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Flies, Pacific Northwest

Mosquito, Photo By Sean McCann

The female Mosquito are blood feeders and can transmit many diseases such as malaria and yellow fever. The males feed on nectar.

Larvae are aquatic and occur in ponds, pools, tree holes, and in artificial containers that have standing water. The larvae feed on algae, organic debris, and a few are predaceous and feed on other mosquito larvae.

Mosquito larvae that had come to the edge of the water to morph, found itself being dragged off to the an ants nest.
It was quite the workout, but the ant got the Mosquito subdued and to the nest.

Adults are common near water and are usually more active at sunset and at night or in dense shade. They are small and slender flies that have long slender legs and a sharp proboscis, much longer than the head.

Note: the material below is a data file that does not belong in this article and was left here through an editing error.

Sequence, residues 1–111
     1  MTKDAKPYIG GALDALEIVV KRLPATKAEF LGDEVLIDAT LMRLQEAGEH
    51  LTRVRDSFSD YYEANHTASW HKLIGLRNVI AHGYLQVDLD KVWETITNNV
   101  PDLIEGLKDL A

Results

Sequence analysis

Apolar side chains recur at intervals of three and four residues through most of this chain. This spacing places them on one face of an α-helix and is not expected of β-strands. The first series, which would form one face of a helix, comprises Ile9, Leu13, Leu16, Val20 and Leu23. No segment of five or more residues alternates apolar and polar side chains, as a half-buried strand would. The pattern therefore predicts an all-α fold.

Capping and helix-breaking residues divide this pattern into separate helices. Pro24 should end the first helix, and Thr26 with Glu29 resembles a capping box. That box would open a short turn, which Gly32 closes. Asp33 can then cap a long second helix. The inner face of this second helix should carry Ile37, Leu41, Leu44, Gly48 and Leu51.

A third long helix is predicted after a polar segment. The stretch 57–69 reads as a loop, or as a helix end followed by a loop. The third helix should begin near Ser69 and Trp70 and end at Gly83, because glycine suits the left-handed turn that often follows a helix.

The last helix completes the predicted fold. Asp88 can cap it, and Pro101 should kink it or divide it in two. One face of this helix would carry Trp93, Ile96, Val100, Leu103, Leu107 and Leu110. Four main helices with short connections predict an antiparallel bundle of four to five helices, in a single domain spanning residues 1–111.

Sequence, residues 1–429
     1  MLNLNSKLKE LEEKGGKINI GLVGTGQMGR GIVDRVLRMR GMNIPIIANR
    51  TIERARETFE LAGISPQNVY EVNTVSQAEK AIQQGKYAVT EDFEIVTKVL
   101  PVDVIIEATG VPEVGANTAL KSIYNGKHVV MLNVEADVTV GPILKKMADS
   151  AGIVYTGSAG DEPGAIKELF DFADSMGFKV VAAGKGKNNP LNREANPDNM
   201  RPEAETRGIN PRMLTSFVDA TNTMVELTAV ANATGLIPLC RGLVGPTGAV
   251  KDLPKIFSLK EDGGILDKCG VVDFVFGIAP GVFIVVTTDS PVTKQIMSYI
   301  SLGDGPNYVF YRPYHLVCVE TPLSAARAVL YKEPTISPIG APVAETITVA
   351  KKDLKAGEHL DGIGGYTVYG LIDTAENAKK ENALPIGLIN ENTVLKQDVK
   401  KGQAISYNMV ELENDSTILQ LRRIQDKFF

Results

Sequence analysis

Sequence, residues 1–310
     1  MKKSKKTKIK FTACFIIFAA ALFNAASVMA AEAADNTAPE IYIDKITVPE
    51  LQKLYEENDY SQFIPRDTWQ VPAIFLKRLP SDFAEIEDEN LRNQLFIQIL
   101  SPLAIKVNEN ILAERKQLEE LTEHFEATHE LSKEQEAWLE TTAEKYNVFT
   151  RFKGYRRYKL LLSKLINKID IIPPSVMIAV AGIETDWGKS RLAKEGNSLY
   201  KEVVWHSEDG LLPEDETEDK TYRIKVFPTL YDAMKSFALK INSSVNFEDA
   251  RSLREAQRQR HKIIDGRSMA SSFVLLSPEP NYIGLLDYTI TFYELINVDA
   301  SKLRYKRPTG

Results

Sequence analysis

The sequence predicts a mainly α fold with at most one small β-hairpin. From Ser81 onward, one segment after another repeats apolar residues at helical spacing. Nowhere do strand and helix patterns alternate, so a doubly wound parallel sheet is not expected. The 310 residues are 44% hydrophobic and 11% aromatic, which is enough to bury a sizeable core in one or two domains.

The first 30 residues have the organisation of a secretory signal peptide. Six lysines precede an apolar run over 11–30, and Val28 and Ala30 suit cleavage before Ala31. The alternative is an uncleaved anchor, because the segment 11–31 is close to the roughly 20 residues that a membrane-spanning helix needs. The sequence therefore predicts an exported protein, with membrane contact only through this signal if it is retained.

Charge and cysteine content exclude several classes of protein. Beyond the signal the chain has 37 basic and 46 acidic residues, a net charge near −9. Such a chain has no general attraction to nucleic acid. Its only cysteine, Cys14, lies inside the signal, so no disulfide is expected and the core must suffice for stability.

Both sexes have small scales along the wing veins. Males have feathery antennae and the females have sparsely haired antennae. When at rest the wings are folded flat over the body.

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